By George Psyllides and Andria Kades
DEFENCE minister Christoforos Fokaides said Friday there was no cause for concern from Turkey’s moves in relation with the island’s offshore natural gas exploration activity, while the foreign ministry issued a separate statement saying that legislation will be ready soon to determine a wealth fund from where all Cypriots would benefit.
Speaking in Limassol, Fokaides said Turkey’s provocations had been expected and should not cause concern. The National Guard is monitoring the situation but it did not serve national interest to reproduce a climate of tension, he added.
“We should not get carried away either in creating or reproducing a climate of tension, whose only objective is to scupper or postpone our energy plans,” the defence minister said. “There is no cause for concern or panic; the sooner we stop preoccupying ourselves with what is going on at the drillship on a daily basis, the better.”
Ankara announced it had dispatched a frigate to monitor a drillship conducting offshore gas exploration south of the island.
The Turkish armed forces general staff said on its website that it ordered the frigate TCG Gokceada to track the West Capella drillship that arrived in Cyprus’ exclusive economic zone (EEZ) in the early hours of Wednesday.
“The (frigate) is fulfilling its duty in the eastern Mediterranean monitoring the West Capella… which, it is assessed, may carry out drilling activities,” the military said.
On Thursday, Turkey said it would take measures against Greek Cypriot exploration for oil or gas around Cyprus, according to its foreign minister who added that Turkish Cypriots had rights on those reserves.
Fokaides said these were Turkey’s usual moves “also seen in previous drills,” and did not rule out the possibility of the provocations continuing in a bid to create a tense climate.
“We are doing what we have to do. It is not the benefit of our national interests to militarize the matter; we are monitoring the situation closely … and remain focused to the national objective, which is the realisation of our plans,” he said.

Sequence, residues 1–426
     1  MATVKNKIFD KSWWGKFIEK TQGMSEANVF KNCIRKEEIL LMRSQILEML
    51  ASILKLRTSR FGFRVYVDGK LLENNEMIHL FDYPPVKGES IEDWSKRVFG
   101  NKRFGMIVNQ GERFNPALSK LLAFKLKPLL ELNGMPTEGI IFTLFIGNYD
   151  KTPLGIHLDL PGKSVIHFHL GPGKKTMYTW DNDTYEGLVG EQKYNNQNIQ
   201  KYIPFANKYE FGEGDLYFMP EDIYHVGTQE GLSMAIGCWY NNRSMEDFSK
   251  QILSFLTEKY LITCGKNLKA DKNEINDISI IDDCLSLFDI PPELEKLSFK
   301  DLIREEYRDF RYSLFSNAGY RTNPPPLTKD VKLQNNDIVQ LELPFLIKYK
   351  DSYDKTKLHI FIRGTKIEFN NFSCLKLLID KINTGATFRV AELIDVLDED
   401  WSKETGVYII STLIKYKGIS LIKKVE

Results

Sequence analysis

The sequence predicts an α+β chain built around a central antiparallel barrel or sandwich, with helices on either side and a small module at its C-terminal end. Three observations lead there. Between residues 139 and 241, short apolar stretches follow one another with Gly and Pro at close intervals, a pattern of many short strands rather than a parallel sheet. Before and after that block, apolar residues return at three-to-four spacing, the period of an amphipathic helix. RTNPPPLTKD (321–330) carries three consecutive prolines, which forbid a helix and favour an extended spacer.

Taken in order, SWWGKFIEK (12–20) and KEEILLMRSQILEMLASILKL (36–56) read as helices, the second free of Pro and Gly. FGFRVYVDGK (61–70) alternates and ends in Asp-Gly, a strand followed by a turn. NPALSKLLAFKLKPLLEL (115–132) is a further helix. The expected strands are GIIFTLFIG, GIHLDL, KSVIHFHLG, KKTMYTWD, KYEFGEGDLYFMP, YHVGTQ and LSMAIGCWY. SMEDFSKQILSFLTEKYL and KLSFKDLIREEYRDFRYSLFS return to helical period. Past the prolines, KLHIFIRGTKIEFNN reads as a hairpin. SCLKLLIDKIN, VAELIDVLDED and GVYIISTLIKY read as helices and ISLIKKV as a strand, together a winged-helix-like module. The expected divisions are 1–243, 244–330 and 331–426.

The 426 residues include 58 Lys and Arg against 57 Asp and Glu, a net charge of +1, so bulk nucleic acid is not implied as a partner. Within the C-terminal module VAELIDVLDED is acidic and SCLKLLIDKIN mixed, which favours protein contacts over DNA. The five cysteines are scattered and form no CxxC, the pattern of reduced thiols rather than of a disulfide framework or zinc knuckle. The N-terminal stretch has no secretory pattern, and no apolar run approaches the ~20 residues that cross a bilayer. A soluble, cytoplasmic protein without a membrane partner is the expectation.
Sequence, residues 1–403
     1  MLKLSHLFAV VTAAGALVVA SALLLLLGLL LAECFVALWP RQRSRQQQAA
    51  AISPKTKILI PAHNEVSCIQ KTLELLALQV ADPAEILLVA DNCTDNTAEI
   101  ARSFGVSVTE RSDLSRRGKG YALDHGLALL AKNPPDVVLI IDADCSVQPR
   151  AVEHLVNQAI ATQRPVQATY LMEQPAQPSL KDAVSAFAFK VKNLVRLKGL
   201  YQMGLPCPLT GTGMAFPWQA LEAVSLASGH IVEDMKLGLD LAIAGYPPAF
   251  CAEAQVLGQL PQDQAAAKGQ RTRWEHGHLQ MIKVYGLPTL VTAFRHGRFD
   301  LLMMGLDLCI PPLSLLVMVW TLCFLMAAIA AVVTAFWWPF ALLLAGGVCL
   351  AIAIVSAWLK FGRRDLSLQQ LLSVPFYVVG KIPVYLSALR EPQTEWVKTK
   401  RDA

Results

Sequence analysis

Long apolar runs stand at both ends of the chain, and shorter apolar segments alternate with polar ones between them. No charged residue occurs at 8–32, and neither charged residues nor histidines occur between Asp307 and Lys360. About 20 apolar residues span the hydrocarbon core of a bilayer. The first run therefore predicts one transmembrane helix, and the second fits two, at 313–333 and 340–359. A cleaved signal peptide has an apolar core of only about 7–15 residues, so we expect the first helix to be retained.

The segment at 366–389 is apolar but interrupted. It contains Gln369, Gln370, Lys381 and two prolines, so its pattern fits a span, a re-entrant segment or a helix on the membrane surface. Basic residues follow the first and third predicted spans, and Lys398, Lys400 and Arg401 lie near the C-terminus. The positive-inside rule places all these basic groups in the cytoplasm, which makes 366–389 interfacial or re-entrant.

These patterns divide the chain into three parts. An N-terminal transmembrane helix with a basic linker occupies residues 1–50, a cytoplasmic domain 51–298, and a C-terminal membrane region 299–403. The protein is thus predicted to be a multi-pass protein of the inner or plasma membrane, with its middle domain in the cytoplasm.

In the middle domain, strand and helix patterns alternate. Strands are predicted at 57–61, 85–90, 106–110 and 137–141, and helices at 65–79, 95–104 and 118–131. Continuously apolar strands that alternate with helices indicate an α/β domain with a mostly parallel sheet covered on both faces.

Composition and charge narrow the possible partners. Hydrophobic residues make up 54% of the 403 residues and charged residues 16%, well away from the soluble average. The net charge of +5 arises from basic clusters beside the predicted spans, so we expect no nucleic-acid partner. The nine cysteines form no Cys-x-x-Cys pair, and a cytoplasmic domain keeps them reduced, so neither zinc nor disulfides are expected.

The foreign ministry in turn issued a statement saying legislation was currently in parliament on creating a national investment fund where profits from hydrocarbons would go “towards the benefit of all Cypriots.”
Results of explorations should interest the Turkish Cypriot community as the future wealth would be shared, however Turkey should follow international law, the statement added.
“The real reason the negotiations reaped no result is Turkey’s constant wish to completely control and interfere on the island whenever it considers it necessary, using the interests of Turkish Cypriots as a pretext.”
Energy minister Yiorgos Lakkotrypis said drilling could begin as early as Saturday or Sunday the latest and everything was on schedule.
His Turkish counterpart Berat Albayrak, however, said Morphou would be the next stop for the research vessel Barbaros after Famagusta.
Speaking to the Turkish press, he was quoted as saying, “we’ve completed investigations in Famagusta. Hopefully our next step is Morphou. The area of Morphou is important for us.
“With our work in Morphou, we will play an effective role in the eastern Mediterranean.”
Albayrak told reporters that there had been contacts with oil companies which he did not name, but that had been very constructive. He said the companies were reluctant in engaging work in dangerous territory.
“Without a legal solution to the (Cyprus) problem, it isn’t right for these companies to take steps in dangerous areas,” he said, adding that some firms did not share the same stance for which Turkey did not view positively.
Hydrocarbons in Cyprus belong to the whole island, “but if you do what you want, dividing it into blocks and licencing them to companies, as a guarantor power, it isn’t possible for us to see this in positive light,” Albayrak said.
The European Commission urged Turkey to refrain from friction that could damage good neighbourly relations.
Spokeswoman Maja Kocijianic, reiterated the “long standing position of the European Commission that “communication channels should remain open” and that “parties should avoid friction that could damage neighbourly relations”.
President Nicos Anastasiades, speaking at the French embassy which was celebrating Bastille Day, said that although the desired result was not achieved at the Conference on Cyprus in Crans-Montana, what was achieved was that “for the first time, in the epicentre of the talks, was the security of Cypriots and not serving the geopolitical interests of any third country.”
“Turkey’s insistence, but I have to say that of the Turkish Cypriot side too, on the chapters to do with security and guarantees and their insistence to maintain the 1960 guarantees is anachronistic which has no place in 2017.”
Proposals submitted by Anastasiades dealt with concerns the Turkish Cypriot side had, he said, but nevertheless, work now needed to be exerted on creating conditions to allow for optimism that there would be an end to the “current unacceptable situation.”
Anastasiades said there was no doubt that cooperation between Cyprus and France, particularly with energy giant Total currently set to begin drilling on the island’s exclusive economic zone block 11, boosts relations between the two countries that also have a mutual goal to combat terrorism.